Short translations of poetry and prose have appeared or are forthcoming in n+1, Gigantic, Hanging Loose, Words Without Borders, FIELD, Stonecutter, and The Agriculture Reader. Book-length works include Glass! Love!! Perpetual Motion!!!: A Paul Scheerbart Reader, Anna Katharina Hahn’s Shorter Days, and Monika Held’s This Place Holds No Fear. In addition to translating, she published an essay on translating Thomas Brasch for the 2012 issue of Text+Kritik dedicated to the latter’s work, and is a regular reviewer for Words Without Borders. Posten lives and works in New York.
Selection of translated titles:
- Monika Held: This Place Holds No Fear (Der Schrecken verliert sich vor Ort). Haus Publ., 2015
- Tankred Dorst: This Beautiful Place (Der schöne Ort). Hanging Loose Press, 2012
Three questions to Anne Posten:
Why did you choose to become a translator? Is it the profession you always wanted?
I became a translator because I love working with language and because I find it to be the closest, most challenging, and pleasurable way to encounter a text. It’s a joy to share writing that I love with English-language readers, and it’s a privilege to be trusted with an author’s words—to be able to live with a text and become part of it in a way beyond reading.
I knew I wanted to be a translator as soon as I translated my first poem. As a lifelong musician, reader, writer, and lover of German culture, translation was the answer to my prayers—a career that combined elements of all of those things.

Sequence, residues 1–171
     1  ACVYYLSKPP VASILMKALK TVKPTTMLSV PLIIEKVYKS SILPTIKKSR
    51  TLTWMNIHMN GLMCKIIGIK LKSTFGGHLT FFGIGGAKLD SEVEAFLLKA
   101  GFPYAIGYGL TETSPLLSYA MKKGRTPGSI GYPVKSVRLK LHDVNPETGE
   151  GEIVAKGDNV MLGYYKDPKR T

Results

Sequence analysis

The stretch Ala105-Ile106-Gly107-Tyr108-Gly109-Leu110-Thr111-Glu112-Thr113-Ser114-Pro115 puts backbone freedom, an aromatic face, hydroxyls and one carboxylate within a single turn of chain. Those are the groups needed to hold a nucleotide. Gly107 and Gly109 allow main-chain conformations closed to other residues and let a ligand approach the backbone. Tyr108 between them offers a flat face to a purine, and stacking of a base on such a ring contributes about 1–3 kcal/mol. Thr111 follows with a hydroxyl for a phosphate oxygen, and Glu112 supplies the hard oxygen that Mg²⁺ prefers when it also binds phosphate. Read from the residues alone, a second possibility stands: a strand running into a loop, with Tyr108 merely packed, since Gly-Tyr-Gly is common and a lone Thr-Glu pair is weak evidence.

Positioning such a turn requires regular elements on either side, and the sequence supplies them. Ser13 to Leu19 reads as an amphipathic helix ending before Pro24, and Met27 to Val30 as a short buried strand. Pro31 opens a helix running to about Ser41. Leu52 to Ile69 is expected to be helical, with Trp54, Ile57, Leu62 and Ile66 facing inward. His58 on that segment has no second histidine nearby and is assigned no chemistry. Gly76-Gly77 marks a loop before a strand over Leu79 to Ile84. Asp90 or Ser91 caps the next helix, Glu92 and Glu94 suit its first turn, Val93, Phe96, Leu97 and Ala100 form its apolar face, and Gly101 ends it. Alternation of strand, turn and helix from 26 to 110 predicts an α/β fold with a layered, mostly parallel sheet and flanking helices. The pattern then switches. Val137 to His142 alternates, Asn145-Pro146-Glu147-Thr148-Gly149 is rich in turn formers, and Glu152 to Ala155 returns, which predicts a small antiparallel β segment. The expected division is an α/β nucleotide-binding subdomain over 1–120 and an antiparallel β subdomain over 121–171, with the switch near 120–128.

Which German book do you like the best and why?
I could never pick a favorite book, in German or any other language, but Thomas Brasch—a German writer who was himself also a translator—is the person whose work I first loved enough to attempt to translate it. I will also always think of the first short story I ever read in German, by the Swiss writer Peter Bichsel. I have continued to love his work and the combination of empathy and dark humor present in both his work and that of other Swiss writers such as Franz Hohler.
Is there a particular book you would like to translate?
Speaking of empathy and dark humor, I’ve really fallen in love with the work of the young novelist Verena Rossbacher, who grew up in Austria and Switzerland and lives in Berlin. I’d love to translate either of her books: Verlangen nach Drachen, a book about a woman from the perspective of six former- or would-be-lovers, or Schwätzen und Schlachten, a funny, moving, and erudite metafictional murder mystery.